Chinese New Year Calendar 2021 » Festivals & Dates

The Chinese New Year, also called the Spring Festival, is the longest annual holiday. It starts on the first of the Lunar Calendar and lasts until the 15th day. In 2021, the Chinese New Year calendar of events begins on February 11th and ends on February 26th.

Chinese New Year Calendar 2021

Most of the people celebrate the New Year on January 1st, and it only lasted one day. While the Chinese have their own date for this kind of event, most of the people across the world also celebrate with them.

Most of the shops in China are closed during the first five days and some don’t even re-open until the end of all the festivities. Because of this, people stock up on New Year supplies (年货—nian huo) in advance. Chinese New Year food, drinks, and snacks are also start showing up in dining tables during this time.

The Laba Festival

In Chinese tradition, the Laba Festival (腊八节—Làbā jié) marks the start of the Spring Festival. It falls on December 8th, 2020 on the Lunar Calendar or January 20, 2021, on the Solar (Gregorian) Calendar. During the festival, people pray to ancestors and gods and hold memorial ceremonies to express desires of fortune and a good harvest.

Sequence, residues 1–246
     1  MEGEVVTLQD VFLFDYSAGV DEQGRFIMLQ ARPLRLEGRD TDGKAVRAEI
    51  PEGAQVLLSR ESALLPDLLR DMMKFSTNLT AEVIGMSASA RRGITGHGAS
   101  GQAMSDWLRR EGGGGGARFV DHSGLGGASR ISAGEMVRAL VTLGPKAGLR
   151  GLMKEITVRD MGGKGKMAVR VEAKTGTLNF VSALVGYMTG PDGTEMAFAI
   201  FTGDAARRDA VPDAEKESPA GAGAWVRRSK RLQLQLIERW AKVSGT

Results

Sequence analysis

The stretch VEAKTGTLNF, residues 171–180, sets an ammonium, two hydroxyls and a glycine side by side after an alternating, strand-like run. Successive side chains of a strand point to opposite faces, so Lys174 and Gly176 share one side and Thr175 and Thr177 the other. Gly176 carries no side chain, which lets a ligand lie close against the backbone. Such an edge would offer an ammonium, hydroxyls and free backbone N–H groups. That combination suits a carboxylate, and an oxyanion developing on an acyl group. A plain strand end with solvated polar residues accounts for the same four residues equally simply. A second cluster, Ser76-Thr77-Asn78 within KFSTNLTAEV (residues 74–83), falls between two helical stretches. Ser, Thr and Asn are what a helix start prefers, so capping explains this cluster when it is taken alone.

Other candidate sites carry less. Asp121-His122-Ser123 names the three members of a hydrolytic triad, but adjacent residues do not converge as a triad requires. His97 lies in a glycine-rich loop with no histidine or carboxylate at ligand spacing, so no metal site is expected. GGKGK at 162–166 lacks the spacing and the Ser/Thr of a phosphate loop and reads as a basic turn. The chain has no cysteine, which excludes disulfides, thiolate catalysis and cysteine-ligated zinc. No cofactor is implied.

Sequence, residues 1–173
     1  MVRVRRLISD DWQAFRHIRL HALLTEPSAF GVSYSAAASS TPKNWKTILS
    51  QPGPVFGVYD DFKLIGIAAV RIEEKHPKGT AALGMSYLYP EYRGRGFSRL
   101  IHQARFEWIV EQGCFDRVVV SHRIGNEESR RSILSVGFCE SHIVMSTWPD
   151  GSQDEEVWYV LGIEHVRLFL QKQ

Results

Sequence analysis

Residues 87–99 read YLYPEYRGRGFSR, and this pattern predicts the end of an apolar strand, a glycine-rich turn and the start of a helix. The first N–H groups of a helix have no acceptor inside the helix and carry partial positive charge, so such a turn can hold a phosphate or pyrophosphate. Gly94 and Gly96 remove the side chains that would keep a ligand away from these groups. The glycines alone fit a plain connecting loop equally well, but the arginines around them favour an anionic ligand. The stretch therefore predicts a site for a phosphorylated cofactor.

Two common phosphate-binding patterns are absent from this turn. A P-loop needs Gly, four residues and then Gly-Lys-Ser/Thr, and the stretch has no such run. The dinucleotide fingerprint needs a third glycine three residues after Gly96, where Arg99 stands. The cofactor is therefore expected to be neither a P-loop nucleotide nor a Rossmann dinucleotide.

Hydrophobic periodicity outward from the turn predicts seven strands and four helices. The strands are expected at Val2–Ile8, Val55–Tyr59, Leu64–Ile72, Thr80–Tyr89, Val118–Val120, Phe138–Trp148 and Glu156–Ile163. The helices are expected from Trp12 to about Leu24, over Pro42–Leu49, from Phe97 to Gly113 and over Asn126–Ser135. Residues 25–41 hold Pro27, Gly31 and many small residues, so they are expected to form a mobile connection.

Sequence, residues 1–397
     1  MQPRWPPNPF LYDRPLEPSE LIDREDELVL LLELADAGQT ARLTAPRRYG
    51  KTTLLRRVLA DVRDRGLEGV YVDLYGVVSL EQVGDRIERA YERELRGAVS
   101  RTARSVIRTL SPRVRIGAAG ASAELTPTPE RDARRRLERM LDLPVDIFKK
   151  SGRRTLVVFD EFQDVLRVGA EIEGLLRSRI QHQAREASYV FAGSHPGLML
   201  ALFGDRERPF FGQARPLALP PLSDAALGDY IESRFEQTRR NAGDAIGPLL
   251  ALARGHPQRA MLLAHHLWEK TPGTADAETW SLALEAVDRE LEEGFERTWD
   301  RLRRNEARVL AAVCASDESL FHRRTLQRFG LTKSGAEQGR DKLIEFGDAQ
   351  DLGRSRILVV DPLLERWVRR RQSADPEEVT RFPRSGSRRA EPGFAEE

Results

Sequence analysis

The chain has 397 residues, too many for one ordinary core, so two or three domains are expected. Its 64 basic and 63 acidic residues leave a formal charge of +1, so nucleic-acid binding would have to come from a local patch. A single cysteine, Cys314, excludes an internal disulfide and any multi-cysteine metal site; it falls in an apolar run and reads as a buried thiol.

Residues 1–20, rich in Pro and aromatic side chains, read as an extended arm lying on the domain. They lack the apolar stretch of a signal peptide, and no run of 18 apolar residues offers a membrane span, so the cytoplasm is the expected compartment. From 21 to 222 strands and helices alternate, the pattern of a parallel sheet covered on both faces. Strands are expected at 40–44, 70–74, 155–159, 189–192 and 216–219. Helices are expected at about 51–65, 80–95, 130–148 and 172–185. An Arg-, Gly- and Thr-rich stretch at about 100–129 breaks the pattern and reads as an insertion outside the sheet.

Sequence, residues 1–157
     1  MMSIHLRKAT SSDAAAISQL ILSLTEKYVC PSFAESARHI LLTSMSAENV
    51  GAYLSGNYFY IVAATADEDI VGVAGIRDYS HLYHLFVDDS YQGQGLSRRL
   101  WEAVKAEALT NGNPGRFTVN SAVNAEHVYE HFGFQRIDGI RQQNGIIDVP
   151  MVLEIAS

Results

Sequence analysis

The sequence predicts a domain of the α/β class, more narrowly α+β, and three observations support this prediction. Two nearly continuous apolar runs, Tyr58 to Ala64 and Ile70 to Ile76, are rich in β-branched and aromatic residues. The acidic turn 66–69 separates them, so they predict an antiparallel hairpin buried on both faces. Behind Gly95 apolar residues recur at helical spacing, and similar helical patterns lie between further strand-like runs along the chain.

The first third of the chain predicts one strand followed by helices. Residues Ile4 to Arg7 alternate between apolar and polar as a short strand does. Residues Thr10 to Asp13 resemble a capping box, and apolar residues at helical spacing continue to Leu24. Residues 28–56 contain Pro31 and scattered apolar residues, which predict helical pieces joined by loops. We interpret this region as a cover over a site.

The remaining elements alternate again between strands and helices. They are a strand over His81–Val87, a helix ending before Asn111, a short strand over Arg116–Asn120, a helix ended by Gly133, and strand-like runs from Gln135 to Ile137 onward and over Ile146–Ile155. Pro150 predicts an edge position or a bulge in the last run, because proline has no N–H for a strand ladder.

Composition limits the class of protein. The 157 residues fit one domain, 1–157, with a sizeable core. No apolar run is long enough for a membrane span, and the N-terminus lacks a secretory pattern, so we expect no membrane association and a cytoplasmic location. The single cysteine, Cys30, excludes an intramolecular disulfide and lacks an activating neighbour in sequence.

Laba porridge (腊八粥—Làbā zhōu) is the main food for the festival. It is made of several types of grains including red beans, red dates, and husked rice. Other dishes with Laba as the primary ingredient such as Laba tofu (腊八豆腐—Làbā dòufu), noodles (腊八面—Làbā miàn) and wheat kernel rice (麦仁饭—Mài rén fàn) are also served during the occasion.

The festival is pagan in nature, but it has been integrated into religions such as Daoism and Buddhism. Hence, it is practiced by the majority of the population across the nation.

Want to read horoscopes? We also have articles about predictions on Year of the Monkey, Year of the Pig, and Year of the Tiger.

The Spring Festival

spring festival

Following the Laba Festival, the Little New Year kicks off the main festivities on February 5th. The Spring Festival falls on February 12th this year. To help you plan your celebration, here’s a Chinese New Year calendar of important activities: